The Michigan Daily-Tuesday, September 11, 1979-Page 5
Vance, Dobrynin begin
talks on troops in Cuba
;::WASHINGTON (AP)-The United States and the Soviet
Liion yesterday began what State Department officials say
mnight be a protracted series of negotiations over Soviet com-
bat troops in Cuba.
Secretary of State Cyrus Vance and Soviet Ambassador
Anatoly Dobryriin opened talks on the Cuban situation after
Vance and CIA Director Stansfield Turner had spent the
morning in a closed door session with members of the Senate
Armed Services Committee.
SEN. ROGER JEPSEN (R-Iowa) emerged from the 3 -
hour Senate committee meeting and said that Vance in-
dicated he was "going to be quite firm and insistent on get-
ting-some direct answers" from Dobrynin.
Jepsen also said the committee received no assurances
that there are no long-range nuclear weapons in Cuba.
Asked if the committee was given any explanation for the
preoence of the Soviet troops, Sen. John Warner (R-Va.),
replied that "Vance said that would be question number one"
for Dobrynin, who returned Sunday: from a vacation in the
The Soviet Ambassador has not been in Washington since
the announcement last month that the Saviet troops had been
discovered in Cuba.
THERE WAS NO official word about the bargaining
positions Vance and Dobrynin would bring to the talks, but.
State Department officials said they did not expect anything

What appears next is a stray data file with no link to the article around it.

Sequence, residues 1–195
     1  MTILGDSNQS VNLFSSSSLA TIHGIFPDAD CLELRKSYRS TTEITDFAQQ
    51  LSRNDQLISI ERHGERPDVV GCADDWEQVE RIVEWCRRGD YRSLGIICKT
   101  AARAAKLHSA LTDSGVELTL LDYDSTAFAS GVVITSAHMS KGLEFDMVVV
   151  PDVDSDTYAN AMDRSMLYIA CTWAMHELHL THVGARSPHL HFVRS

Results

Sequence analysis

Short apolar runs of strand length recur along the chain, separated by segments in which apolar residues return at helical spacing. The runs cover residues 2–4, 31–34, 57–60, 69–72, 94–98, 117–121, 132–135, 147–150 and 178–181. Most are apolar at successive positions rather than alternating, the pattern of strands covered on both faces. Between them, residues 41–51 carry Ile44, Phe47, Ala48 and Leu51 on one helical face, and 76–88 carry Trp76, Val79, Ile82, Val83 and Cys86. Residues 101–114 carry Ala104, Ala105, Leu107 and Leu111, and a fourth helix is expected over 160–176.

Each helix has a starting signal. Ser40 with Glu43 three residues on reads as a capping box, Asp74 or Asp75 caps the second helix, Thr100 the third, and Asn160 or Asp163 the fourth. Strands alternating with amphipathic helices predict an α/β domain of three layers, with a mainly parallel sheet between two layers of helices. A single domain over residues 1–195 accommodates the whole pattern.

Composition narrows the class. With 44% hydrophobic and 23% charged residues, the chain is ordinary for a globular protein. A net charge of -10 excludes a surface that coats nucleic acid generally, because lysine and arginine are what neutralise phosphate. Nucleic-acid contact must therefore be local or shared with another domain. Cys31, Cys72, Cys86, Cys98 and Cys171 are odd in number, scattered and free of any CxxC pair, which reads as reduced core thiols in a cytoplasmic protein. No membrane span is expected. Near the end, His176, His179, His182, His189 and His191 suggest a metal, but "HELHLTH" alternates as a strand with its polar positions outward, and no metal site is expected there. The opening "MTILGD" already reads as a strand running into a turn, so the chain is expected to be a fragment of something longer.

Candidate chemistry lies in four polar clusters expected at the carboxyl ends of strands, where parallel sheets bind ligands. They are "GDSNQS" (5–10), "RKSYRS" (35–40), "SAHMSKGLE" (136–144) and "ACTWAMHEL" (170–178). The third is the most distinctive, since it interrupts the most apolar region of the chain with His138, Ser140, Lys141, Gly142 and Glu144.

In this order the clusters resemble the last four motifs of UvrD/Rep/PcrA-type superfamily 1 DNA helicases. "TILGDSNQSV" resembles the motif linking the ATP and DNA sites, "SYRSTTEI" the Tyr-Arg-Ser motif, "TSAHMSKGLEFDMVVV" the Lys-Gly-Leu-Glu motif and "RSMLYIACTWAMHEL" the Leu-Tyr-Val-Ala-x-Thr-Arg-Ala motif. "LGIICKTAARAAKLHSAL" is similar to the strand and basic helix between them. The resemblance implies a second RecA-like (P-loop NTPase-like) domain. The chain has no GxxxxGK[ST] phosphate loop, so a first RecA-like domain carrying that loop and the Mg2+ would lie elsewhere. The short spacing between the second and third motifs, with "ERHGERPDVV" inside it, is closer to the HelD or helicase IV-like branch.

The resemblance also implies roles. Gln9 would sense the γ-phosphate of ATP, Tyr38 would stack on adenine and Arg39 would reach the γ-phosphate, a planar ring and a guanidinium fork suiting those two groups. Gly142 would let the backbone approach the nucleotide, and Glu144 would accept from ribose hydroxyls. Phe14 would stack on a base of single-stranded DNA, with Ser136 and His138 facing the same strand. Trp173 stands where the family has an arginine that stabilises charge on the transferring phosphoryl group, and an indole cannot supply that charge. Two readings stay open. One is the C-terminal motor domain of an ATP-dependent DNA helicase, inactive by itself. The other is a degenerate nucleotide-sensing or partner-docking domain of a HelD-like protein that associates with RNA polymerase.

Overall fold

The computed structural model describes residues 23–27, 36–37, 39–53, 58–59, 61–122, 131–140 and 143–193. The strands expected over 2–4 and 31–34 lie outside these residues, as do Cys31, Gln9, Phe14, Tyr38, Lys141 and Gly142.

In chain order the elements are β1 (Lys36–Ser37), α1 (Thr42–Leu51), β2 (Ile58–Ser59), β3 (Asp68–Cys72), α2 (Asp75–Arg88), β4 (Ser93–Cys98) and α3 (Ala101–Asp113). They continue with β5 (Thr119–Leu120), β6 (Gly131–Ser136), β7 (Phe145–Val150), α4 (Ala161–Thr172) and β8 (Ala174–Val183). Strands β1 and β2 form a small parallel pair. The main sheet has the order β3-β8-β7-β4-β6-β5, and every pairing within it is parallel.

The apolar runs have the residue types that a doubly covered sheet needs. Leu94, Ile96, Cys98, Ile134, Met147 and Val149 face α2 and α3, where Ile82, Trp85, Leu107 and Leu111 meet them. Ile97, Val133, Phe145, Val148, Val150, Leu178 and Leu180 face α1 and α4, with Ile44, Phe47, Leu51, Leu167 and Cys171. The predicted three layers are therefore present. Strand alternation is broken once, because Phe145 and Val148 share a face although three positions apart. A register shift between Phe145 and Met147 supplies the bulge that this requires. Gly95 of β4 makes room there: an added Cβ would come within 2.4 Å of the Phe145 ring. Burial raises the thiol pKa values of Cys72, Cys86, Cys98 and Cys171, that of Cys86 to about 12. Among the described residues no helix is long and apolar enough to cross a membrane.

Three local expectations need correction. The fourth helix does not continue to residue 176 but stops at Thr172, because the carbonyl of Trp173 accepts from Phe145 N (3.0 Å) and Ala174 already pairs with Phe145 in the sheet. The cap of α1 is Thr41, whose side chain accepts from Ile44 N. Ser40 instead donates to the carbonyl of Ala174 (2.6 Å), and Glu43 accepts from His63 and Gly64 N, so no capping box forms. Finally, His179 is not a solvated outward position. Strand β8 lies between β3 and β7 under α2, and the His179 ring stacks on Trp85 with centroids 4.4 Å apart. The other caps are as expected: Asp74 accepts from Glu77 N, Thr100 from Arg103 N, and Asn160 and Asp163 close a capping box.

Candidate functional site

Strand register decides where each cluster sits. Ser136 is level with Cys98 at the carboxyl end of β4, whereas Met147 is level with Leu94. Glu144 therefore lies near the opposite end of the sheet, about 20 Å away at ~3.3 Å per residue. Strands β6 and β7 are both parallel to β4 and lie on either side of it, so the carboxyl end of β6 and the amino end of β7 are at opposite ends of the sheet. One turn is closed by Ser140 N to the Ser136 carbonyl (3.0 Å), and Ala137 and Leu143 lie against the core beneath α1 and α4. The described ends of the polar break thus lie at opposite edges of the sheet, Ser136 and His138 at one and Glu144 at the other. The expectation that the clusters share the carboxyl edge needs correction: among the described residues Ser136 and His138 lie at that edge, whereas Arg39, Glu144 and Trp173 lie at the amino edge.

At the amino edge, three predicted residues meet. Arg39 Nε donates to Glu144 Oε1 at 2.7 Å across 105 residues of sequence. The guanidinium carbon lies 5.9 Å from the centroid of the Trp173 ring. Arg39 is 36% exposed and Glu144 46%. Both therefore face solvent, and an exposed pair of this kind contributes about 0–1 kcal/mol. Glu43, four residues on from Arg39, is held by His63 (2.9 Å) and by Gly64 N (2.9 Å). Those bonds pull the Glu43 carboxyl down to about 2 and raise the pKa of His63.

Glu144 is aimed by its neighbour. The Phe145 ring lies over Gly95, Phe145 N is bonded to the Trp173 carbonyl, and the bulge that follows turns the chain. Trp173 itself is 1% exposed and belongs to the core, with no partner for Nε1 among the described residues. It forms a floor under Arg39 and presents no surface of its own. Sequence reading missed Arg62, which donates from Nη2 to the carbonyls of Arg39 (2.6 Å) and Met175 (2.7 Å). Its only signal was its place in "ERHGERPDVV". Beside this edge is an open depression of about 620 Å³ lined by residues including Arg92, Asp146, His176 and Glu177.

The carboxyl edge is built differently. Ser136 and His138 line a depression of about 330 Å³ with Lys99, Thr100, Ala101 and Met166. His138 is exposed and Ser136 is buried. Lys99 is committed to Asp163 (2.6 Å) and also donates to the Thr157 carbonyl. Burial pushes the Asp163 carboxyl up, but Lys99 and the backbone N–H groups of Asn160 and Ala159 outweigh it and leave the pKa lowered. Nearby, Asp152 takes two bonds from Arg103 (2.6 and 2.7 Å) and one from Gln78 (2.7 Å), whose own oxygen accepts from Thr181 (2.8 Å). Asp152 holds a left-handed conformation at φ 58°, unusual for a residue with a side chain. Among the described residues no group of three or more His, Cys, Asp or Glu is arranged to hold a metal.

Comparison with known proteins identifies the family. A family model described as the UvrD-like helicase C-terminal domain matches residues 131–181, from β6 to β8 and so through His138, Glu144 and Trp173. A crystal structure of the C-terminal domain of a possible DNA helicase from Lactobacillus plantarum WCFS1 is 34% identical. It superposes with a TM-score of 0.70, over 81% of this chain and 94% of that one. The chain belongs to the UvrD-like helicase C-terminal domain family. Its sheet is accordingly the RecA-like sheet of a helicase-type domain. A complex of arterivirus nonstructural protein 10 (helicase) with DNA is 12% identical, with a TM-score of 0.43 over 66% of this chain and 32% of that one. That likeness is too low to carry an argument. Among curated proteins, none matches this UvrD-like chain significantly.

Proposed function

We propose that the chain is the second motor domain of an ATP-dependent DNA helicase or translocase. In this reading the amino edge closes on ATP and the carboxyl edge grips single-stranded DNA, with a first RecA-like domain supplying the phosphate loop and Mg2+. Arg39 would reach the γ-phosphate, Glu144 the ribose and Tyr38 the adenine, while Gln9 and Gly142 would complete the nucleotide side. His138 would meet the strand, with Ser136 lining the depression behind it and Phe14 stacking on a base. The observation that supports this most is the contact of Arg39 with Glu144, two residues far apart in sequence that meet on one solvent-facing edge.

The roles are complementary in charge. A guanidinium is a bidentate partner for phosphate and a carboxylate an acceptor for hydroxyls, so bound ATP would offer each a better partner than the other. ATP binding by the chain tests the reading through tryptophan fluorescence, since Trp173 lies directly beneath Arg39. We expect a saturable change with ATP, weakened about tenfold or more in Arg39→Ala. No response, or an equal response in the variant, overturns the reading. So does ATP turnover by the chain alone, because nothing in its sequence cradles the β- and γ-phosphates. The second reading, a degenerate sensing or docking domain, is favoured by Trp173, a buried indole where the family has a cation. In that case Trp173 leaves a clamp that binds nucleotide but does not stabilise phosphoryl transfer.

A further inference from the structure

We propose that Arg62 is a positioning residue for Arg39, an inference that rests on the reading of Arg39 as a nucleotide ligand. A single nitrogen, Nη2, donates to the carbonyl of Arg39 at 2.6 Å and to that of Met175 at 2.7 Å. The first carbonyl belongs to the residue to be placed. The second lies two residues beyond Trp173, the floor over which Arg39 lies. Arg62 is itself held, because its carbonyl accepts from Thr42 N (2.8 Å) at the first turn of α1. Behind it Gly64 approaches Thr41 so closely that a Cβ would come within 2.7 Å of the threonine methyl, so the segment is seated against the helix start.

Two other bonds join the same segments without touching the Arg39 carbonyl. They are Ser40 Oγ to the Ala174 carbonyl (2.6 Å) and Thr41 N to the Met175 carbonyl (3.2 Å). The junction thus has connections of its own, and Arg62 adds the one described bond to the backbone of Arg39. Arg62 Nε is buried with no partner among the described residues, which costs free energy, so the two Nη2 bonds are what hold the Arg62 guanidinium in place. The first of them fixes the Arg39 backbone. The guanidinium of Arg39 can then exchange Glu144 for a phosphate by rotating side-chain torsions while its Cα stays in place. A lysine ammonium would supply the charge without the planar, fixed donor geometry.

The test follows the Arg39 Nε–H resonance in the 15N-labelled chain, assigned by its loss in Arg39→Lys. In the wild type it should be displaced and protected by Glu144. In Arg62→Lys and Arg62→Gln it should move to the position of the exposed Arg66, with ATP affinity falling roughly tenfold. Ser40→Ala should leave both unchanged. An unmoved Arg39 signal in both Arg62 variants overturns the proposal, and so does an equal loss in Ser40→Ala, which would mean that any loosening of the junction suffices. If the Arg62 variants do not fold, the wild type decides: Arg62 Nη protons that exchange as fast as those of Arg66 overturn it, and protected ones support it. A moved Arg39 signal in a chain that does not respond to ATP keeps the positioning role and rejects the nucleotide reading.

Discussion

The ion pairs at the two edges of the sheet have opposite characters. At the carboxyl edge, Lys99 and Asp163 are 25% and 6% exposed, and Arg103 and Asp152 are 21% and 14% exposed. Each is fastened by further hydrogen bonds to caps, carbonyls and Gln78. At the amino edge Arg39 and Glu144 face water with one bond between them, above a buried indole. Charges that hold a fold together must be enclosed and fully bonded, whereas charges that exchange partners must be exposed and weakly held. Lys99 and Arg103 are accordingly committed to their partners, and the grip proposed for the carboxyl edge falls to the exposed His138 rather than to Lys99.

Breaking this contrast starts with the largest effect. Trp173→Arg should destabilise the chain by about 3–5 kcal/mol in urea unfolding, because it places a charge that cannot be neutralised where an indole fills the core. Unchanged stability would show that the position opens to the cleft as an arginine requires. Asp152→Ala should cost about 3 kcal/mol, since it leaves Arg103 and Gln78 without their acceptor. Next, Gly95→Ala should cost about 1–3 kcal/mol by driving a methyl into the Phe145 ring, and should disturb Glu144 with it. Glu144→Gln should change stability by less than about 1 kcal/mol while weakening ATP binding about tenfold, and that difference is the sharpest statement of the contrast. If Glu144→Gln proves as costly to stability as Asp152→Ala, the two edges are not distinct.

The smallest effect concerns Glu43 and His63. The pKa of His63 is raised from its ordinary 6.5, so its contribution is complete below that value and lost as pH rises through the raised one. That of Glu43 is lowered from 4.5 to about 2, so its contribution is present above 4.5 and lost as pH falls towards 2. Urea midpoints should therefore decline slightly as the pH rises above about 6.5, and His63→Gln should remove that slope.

to be settled in the first session.
Last week, Vance and President Carter both said the
"status quo" in Cuba is not acceptable but they have refused
to say what changes would satisfy them.
Vance has said the administration realizes that the
Soviets have had military advisers in Cuba for many years.
It is the recent discovery that 2,000 to 3,000 of them were
organized as a cohbat unit that is a matter of serious con-
cern, he said.
KEY MEMBERS of the Senate have been less restrained.
Many have said the Soviet troops must be removed if the new
strategic arms limitation treaty is to be ratified.
The kind of pressure will make it more difficult to reach a
satisfactory solution to the Cuban problem, administration
sources have said.
The Soviets have largely kept quiet about the furor. Unof-
ficially, Soviet diplomats have insisted that the troops are not
a combat force but are advisers who have been in Cuba for
THEY SAY THE Cubans have a right to invite the Soviets
to their island, and that there is nothing in U.S.-Soviet under-
standings of 1962 and 1970 that bars them.
The State Department conceded the latter point last week,
saying the agreements that settled the 1962 Cuban missile
crisis and the 1970 Cienfuegos submarine'base crisis covered
only offensive weapons systems and not combat troops.
A hint about the possible Soviet position emerged over the
weekend when an official Soviet radio commentator made
mention of the American naval base at Guatanamo, Cuba.
THE COMMENTATOR noted that the United States has
persistently refused to discuss abandoning the base, which it
has held since 1903 on an indefinite lease.
The commentator did not say whether the Soviets would
offer to withdraw their troops in return for American with
drawal from Guantanamo: